If you are thinking of having a student yourself, you might like to consider the following.
* Do not renovate/decorate your house just before the student arrives.
Last year I had some renovations done to the house, just before our student arrived, including the messy job of ripping down a ceiling. With all that was going on, I didn't have time to repaint the bedroom, so I touched up the wall, with what I thought was the same coloured paint. It wasn't. It was car crash stuff ... and too late to change ... At least it was clean ... New shower doors were only fitted the day that our student arrived.
This year, having learned absolutely nothing from last years experience, I found myself on a step ladder, painting a bedroom ceiling, the night before our student arrived. It really needed a second coat, but I was afraid that it would actually drip on a tired student on her night of arrival.
Having said that, use the opportunity to have a bit of a Spring clean. I found that the house was never cleaner and the fridge was always full. The grown ups tend to be nicer to each other too (even if it is through gritted teeth).
* It is essential to Spring clean the entire house, taking note of areas that will be of particular interest to 16 year old girls. I started cleaning under my bed and in the attic.
I pretty much cleaned the whole house, except for the children's bedroom. Having given it a good clean a fortnight previously, it now looked like we had a break in. Of course, it was the first place that the children brought our student into.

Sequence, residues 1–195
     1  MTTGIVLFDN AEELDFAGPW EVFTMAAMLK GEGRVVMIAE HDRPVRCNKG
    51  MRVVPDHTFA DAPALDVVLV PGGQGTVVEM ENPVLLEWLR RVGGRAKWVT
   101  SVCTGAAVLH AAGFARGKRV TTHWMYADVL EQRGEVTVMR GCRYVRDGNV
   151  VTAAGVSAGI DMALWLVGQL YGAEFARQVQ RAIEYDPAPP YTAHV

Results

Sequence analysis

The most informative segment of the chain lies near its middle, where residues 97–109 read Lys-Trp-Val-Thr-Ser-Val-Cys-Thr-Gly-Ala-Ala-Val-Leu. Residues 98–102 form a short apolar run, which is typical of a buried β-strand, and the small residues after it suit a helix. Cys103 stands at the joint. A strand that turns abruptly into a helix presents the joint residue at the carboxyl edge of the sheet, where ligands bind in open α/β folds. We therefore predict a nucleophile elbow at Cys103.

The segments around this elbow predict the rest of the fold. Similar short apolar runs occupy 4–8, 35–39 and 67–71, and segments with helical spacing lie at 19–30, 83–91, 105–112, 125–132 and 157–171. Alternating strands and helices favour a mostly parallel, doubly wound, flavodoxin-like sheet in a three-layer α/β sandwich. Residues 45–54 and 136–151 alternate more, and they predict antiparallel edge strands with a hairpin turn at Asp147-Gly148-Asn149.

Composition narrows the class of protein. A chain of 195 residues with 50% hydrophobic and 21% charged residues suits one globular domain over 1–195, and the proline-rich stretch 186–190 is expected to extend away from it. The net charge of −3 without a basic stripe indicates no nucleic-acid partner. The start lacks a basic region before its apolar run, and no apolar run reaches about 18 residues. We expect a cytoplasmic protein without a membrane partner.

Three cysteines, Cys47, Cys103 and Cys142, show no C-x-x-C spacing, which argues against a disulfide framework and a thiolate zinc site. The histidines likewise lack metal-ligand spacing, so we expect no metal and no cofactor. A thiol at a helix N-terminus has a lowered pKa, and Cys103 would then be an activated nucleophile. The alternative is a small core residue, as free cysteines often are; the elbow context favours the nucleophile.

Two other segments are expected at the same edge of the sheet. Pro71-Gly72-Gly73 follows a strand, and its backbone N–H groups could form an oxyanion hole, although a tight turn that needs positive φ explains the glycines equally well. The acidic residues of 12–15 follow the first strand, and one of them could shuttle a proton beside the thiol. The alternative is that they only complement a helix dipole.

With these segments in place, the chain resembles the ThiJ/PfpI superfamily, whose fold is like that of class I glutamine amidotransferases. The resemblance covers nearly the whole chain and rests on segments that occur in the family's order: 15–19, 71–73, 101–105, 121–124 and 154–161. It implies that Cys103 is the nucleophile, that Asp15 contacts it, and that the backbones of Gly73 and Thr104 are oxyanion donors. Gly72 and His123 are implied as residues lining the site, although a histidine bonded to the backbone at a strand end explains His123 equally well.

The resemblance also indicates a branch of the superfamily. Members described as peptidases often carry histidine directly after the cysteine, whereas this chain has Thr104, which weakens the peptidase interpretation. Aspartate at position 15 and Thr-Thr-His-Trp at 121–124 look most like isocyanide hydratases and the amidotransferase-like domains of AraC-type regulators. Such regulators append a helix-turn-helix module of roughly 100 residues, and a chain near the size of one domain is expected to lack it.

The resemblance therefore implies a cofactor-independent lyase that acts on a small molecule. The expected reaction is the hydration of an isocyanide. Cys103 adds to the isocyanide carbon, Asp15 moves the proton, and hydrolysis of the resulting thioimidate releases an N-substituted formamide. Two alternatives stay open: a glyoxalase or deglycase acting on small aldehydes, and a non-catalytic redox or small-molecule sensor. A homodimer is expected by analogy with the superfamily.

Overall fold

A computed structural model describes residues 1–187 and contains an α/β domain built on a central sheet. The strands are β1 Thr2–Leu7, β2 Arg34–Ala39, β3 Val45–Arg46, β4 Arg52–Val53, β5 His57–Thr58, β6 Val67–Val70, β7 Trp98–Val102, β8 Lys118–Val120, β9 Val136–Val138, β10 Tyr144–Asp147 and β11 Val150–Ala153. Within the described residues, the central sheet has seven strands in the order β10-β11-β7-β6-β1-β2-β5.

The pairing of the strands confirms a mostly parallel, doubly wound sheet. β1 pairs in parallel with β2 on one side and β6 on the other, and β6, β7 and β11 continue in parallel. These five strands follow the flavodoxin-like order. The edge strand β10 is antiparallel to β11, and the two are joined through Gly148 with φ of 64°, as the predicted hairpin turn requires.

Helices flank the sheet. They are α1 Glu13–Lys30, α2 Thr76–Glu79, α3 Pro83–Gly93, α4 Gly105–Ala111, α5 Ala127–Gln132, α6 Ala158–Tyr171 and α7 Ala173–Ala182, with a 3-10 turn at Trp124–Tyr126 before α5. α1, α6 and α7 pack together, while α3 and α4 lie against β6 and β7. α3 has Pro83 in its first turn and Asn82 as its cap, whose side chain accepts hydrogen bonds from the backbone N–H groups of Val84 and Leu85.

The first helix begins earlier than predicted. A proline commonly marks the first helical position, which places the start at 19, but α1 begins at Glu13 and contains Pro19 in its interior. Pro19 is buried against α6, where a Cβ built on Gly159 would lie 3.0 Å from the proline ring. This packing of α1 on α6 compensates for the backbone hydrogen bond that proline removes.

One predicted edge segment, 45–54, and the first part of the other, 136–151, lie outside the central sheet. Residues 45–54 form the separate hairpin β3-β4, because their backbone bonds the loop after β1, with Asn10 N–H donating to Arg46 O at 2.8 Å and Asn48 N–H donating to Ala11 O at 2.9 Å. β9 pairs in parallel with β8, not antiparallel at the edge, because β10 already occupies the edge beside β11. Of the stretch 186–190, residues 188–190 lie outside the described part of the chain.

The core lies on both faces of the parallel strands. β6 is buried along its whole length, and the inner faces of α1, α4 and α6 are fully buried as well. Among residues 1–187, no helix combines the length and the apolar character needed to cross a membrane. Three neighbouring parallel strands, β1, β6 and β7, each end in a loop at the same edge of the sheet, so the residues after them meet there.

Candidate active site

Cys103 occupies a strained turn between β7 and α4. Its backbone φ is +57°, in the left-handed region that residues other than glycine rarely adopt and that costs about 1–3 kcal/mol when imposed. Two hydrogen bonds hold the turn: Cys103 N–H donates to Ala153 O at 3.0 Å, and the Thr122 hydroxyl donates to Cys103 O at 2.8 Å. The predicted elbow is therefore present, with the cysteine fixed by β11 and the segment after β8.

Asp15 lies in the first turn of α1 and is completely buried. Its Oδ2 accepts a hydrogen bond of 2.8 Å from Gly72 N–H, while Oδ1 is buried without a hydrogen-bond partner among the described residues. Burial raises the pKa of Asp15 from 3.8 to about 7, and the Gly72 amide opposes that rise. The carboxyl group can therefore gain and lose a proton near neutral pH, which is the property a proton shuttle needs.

* Throw caution to the wind. Go mad. Do stuff you wouldn't normally do.
Use the opportunity to rediscover what is on your doorstep. Last year, I brought our Spanish student to the church and graveyard in Kingscourt where my grandparents are buried. This may not sound like a riveting day out, but Marina was fascinated by all the vastness of it and I enjoyed it, and remembered how beautiful the church was. There was actually a Polish mass going on when we called into the church, which was a new discovery for me too.
This year, myself and our French student ran a 5km race in Athy. (See my previous blog post for details). Initially Maelys had said that there was a 'marathon' in town that she would like to participate in. If that was the case, I would have been on the sidelines.
Thankfully we have had glorious weather for both visits, which makes everything easier. It reminds you what a pretty little country we have.
* Throw caution to the wind Part II. Such as allowing chocolate spread in the house. I bought it, as our French student liked it. My kids couldn't believe their luck. Breakfast, lunch and tea, they wanted the stuff. At least they had it on pancakes (not quite French crepes, but hey!), which diluted the badness. I had a romantic notion of collecting eggs from our new hens every morning for the pancakes, but only one hen is laying so far. Shop bought free range ain't too bad.